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  2. My bonnie bride can drive our MH, but prefers to do it on the open highway vs around town, back roads, etc. She can do it if she had to. She also knows how to bring in slides, raise jacks, and what is needed to get the rig for travel. :c)

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    1. Getting the rig ready for travel is sometimes the hardest part.

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  3. Hi guys! Our experience in picking up our RV was similar to yours in that we flew from Colorado out to California to pick it up and had no choice but to drive it back with less than an hour of actual driving experience. I admit that I let my husband do all the driving that trip but it was a sort of tacit understanding that, if this whole RV thing started out on a stressful note, it wouldn't be a happy experience for either of us.

    However, I was in total agreement that, when we go full time (probably mid-year next year), I should be comfortable with driving too. To that end we took a driving course this past summer where I did almost all the driving. I drove our 40' Class A up windy mountain roads from Loveland to Estes Park and back down again. I found it to be much easier than I expected and it instilled in me a great sense of confidence. I also drove back through Denver and I have to say that windy mountain roads are a piece of cake compared to city traffic! But I lived through it and I gained a ton of confidence from it.

    I would highly recommend to women (and men) out there that are uncomfortable driving their RV that they look into taking a professional driving course. Even for those who aren't necessarily uncomfortable driving but haven't had any real instruction, this type of course is really beneficial. In addition to often earning you a break on your insurance premiums, you may pick up some good tips (we learned a great parking technique!) or break some bad habits you didn't know you had.

    Thanks for addressing this topic. I'm always amazed at the number of women who refuse to do any driving. What if something happened to the driver on your team and you HAD to get somewhere else quickly? I want to feel confident that I can handle that type of situation. Although my husband will ultimately still do more driving than I will (he likes driving), I'm going to insist on doing a lot more of it. I know that the more I do, the more comfortable I'll be.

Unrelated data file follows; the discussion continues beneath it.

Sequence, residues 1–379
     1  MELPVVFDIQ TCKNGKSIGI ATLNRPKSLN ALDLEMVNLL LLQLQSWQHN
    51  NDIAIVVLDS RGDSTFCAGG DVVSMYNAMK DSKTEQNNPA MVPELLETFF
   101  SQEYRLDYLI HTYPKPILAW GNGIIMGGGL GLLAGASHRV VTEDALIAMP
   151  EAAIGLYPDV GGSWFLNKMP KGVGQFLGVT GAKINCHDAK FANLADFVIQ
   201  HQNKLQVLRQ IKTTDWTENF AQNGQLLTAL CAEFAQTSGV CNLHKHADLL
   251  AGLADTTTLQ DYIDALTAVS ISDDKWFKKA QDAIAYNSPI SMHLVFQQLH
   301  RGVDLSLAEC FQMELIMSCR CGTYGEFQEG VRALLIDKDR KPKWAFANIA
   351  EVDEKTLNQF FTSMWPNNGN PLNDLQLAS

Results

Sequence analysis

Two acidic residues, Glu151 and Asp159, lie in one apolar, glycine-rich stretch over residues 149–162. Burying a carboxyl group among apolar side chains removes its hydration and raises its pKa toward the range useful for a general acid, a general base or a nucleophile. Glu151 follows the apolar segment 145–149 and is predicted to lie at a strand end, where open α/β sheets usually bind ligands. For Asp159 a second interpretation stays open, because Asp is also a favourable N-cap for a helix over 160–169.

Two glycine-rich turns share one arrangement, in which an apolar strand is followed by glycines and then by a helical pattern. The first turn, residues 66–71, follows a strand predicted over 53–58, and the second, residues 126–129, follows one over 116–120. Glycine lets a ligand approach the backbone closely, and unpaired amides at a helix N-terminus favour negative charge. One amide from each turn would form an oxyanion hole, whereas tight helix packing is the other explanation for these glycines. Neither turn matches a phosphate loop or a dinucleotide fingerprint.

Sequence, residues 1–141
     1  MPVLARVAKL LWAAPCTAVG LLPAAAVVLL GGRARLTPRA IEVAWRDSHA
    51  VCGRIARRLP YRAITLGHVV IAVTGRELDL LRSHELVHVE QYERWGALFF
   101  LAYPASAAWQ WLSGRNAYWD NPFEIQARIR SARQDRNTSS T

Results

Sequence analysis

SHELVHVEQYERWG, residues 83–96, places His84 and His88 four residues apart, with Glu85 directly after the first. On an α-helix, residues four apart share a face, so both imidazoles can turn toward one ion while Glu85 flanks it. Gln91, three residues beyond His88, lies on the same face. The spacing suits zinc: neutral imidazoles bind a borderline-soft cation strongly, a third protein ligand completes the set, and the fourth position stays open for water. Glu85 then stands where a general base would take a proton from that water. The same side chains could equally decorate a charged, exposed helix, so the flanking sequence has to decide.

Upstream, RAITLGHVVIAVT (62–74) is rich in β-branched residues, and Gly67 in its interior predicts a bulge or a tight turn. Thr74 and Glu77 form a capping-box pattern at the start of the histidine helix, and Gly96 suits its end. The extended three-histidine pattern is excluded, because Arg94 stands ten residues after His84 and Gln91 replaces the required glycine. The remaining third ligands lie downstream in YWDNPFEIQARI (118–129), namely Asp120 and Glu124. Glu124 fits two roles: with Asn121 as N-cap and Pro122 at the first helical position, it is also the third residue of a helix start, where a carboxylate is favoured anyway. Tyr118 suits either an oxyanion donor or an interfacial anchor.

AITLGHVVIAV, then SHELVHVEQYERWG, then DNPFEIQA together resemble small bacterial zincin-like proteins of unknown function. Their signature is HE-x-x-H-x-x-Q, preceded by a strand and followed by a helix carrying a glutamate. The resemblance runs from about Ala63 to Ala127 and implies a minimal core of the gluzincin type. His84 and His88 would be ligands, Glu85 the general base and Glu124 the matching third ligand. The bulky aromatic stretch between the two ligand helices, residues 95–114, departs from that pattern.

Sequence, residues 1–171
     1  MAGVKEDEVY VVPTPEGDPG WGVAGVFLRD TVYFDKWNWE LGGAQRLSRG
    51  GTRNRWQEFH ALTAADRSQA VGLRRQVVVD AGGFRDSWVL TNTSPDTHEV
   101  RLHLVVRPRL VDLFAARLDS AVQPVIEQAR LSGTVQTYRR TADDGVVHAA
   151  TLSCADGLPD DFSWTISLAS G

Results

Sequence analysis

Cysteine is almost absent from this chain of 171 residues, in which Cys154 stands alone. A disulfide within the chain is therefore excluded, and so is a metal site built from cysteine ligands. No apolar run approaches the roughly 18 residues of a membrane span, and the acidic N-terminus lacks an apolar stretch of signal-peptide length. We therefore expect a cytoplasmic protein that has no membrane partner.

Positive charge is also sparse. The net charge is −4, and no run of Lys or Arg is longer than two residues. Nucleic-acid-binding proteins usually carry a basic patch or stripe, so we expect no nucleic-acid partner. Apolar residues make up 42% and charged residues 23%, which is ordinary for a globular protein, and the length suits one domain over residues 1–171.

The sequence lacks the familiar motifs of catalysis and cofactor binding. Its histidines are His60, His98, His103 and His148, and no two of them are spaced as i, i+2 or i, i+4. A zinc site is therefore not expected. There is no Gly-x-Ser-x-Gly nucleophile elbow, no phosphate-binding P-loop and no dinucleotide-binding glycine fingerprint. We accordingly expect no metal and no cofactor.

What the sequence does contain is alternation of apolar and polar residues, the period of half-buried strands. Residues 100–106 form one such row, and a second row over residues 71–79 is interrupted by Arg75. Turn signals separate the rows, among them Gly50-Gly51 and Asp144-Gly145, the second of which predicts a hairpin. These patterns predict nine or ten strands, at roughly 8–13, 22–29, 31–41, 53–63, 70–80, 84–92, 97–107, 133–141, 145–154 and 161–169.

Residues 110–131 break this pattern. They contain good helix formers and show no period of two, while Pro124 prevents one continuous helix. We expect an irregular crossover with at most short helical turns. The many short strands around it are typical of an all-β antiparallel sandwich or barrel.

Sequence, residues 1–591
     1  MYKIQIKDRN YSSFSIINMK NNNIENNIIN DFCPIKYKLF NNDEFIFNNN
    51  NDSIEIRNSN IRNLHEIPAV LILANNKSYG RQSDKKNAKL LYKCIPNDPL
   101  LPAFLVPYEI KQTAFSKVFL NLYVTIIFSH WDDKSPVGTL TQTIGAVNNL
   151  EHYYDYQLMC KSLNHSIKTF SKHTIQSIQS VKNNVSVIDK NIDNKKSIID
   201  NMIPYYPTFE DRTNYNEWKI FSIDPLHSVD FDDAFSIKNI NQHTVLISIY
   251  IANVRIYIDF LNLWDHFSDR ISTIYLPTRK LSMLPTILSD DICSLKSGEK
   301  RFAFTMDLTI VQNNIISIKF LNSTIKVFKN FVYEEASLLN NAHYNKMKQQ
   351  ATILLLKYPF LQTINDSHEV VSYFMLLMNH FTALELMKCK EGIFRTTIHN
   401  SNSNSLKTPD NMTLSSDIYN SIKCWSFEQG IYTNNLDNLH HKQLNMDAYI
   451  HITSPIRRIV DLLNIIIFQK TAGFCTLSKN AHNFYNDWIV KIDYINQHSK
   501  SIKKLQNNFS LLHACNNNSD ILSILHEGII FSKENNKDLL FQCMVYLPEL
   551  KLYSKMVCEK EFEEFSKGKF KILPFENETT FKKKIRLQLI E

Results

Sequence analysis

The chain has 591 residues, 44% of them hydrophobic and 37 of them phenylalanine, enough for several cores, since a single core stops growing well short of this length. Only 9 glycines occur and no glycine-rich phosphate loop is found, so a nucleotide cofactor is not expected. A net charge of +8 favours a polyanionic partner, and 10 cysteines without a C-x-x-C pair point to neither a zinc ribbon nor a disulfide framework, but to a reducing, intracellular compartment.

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    1. Great advice on the driving course. Especially if you get an insurance break.

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  4. Am the only driver of a 25 ft RV with tow -- my hubby has glaucoma and no peripheral vision -- he can drive the tow in forest roads. We follow all your great advice and go the speed I prefer which is in the 55-60 mph range. Daily travel is in the 100-200 miles/day and we stop if I feel close to hitting the wall. Hubby plans our travel using mostly state highways. Two more tips - take a walk during those breaks! Also if you're headed into a big city like San Diego (we recently camped at the military base near Coronado), camp outside the city and drive in and out on a Sunday.

    As the only driver have had one scare -- broke an ankle while at the Oregon coast, 1000 miles from home. Turned out that I could drive (took myself to the walk-in clinic and back in a stick shift tow) But we did think hard about our options on how to get to our next destination and back home (thankful for a friend who offered to help).

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    1. A walk certainly helps. It is amazing how still I get after sitting in the drivers seat for just two hours. And like you, we try to approach big cities on Sunday morning. Thanks for sharing.

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  5. I just found your blog through Hitch Itch! Nice. Yes, I too drive, switching off with my husband. We have a 35' Heartland Bighorn fifth wheel towed with an F350 DRW. DH has been very good in coaching me through gas stations and around big rigs. I guess I do a good job driving because he usually falls asleep when I do.

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  6. I agree that practice is of the utmost importance. Like any skill, you develop comfort and the reflexes for it. And the suggested driving times that are in daylight and avoiding the heaviest traffic are a great way to cut your teeth on a large vehicle.

    To begin, maybe wait for a day and time when you are on a more rural, quiet road or on a long stretch of consistent highway on a nice day.

    Liza Pilon @ Prairie City RV